If you’re reading this while eating lunch, chances are that you’re eating a takeaway sandwich or, if you’re feeling particularly unhealthy, fast food. But you’re not alone. According to Hubbub, workers are buying more takeaway and fast food lunches than ever before, generating over 10.7bn items of packaging waste every year.

“Lunch-on-the-go” items create huge levels of waste and unfortunately much of this isn’t recyclable as it’s made from mixed materials or isn’t recycled due to contamination from food residue,” says Trewin Restorick, Chief Executive of Hubbub.

Taken with the increase in evening takeaways, the world now produces over 78 million tonnes of plastic packaging, of which just 14% is recycled1. Clearly there’s a lot of work to be done in the takeaway food sector to reduce the environmental impact of its packaging. But there are projects, initiatives and new packaging designs that aim to make a difference. Here are just four:

Do you want seaweed with that?

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Online food delivery company Just Eat has been testing a brand new takeaway box lined with seaweed. Combined with cardboard containers made with tree and grass pulp, the lining makes the box greaseproof and water-resistant, allowing customers to enjoy their takeaway without generating plastic waste.

The box has been created by packaging company Notpla, who have previously worked with Just Eat by using seaweed-based sauce sachets in a variety of restaurants. So far, the two trials have stopped over 3,600 plastic boxes and over 46,000 plastic sachets from entering the waste stream.

“Over half a billion plastic boxes are used across the takeaway industry every year and we know that eventually, they end up in landfill,” says Andrew Kenny, Managing Director of Just Eat UK. “This is why we’ve been working closely with Notpla to create an innovative alternative that’s recyclable, home-compostable and degrades in a matter of weeks.”

Finger-lickin’ good

The fast food industry generates a huge amount of paper waste, from packaging and napkins to receipts and placemats. Of course, a large proportion of that waste is recycled but this relies on customers putting it in the dedicated recycling bin. To cut down on the amount of unrecycled paper, KFC came up with a novel solution.

The takeaway giant created a campaign in the Middle East called ‘KFC Napkinized’, which changed the way all their paper was produced, making it from the same type of eco-friendly tissue paper. Menus, food, bags, posters, flyers and even the receipts suddenly became absorbent, allowing customers to use them as napkins. The campaign was so successful in Dubai that it was rolled out to KFC restaurants across the UAE and Lebanon.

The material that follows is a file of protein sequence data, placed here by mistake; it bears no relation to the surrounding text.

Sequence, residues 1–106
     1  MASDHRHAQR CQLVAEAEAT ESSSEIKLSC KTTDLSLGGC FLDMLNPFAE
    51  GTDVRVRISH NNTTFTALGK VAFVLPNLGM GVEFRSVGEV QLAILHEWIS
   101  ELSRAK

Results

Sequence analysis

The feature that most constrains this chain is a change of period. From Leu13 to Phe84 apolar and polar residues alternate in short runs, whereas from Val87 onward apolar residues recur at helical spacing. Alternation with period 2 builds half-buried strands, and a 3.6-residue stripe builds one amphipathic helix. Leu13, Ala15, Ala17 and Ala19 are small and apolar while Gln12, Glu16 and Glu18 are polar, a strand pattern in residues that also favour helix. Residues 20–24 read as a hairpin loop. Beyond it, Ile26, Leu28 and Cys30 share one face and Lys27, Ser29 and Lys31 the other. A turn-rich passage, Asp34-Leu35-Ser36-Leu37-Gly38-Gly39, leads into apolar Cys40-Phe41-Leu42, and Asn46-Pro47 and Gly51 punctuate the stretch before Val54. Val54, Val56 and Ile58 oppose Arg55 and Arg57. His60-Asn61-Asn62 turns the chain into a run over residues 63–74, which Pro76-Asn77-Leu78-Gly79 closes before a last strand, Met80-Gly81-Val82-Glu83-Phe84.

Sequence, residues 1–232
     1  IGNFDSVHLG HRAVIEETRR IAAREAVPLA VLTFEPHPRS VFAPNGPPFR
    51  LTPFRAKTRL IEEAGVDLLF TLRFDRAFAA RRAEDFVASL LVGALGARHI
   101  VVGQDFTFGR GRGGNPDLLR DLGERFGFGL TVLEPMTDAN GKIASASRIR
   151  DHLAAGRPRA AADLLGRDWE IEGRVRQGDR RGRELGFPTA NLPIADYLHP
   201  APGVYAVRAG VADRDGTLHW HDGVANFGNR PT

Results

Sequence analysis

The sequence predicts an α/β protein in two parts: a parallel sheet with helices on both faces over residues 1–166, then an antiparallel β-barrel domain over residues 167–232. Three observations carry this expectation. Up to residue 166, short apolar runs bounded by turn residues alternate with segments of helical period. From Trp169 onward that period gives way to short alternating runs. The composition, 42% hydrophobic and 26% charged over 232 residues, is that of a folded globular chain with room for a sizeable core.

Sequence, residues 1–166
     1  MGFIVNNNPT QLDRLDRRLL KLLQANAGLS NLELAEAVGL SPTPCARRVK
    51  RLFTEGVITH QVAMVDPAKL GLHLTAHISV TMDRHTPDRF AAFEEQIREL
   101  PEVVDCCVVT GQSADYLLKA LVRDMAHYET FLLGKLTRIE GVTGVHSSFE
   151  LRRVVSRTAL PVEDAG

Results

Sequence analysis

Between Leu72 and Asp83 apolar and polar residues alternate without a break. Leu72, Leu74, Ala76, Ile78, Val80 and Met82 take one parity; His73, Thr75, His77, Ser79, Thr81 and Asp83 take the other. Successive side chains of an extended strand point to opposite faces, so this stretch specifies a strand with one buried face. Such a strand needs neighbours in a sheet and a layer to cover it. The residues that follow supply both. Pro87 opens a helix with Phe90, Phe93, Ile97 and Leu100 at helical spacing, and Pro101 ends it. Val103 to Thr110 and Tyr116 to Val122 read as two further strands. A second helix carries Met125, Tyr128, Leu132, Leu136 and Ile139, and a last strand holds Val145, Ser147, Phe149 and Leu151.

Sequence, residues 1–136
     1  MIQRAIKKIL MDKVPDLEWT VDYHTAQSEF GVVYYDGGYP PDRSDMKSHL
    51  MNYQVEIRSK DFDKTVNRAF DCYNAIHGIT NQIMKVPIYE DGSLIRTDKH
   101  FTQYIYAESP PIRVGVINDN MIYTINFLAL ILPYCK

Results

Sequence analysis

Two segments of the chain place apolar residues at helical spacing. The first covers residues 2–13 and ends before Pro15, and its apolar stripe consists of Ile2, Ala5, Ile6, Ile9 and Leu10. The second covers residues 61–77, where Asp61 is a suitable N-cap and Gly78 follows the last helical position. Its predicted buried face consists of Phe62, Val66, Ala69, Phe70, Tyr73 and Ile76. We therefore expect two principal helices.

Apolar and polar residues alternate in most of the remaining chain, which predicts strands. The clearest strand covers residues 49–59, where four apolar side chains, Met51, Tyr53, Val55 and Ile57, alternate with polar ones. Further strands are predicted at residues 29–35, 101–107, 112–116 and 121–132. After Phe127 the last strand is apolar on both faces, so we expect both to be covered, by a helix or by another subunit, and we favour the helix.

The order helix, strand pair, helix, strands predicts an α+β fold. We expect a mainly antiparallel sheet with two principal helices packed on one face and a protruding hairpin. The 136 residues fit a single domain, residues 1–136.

Plastic-free food packaging

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In response to a huge demand for environmentally friendly, sustainable and recyclable packaging, Stora Enso have developed two barrier materials that can be used to produce plastic-free paperboard for food packaging. The materials, Aqua and Aqua+, are both grease-resistant, with Aqua+ also being liquid-resistant, making it suitable for paper cups.

“The new barriers are aimed at retailers and brand owners who want to improve the recyclability of their food packaging to meet the demands of eco-conscious consumers,” says Ebba Mannheimer, Head of Business, New Barrier Solutions, Division Packaging Materials at Stora Enso. “The materials are suitable for paper cups, ice cream packaging and fast, frozen and dry food packaging.”

Portion-controlled pasta packaging

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Judging the right amount of pasta for a certain amount of people has always presented a problem in the kitchen. There can’t be many who haven’t put far too much pasta in the pan, wasting both food and energy. Now there’s pasta packaging that will enable chefs to prepare as much or as little pasta as they need.

Designer Alesia Lurtcevich created a rectangular box made up of six sections that each holds a single serving of pasta. The cardboard box also features a number of pull tabs that allows you to take out the right amount of pasta according to the amount of servings you need – the perfect demonstration of how packaging design can solve a perennial problem.

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1The New Plastics Economy: Rethinking the future of plastics & catalysing action, Ellen MacArthur Foundation, 2017

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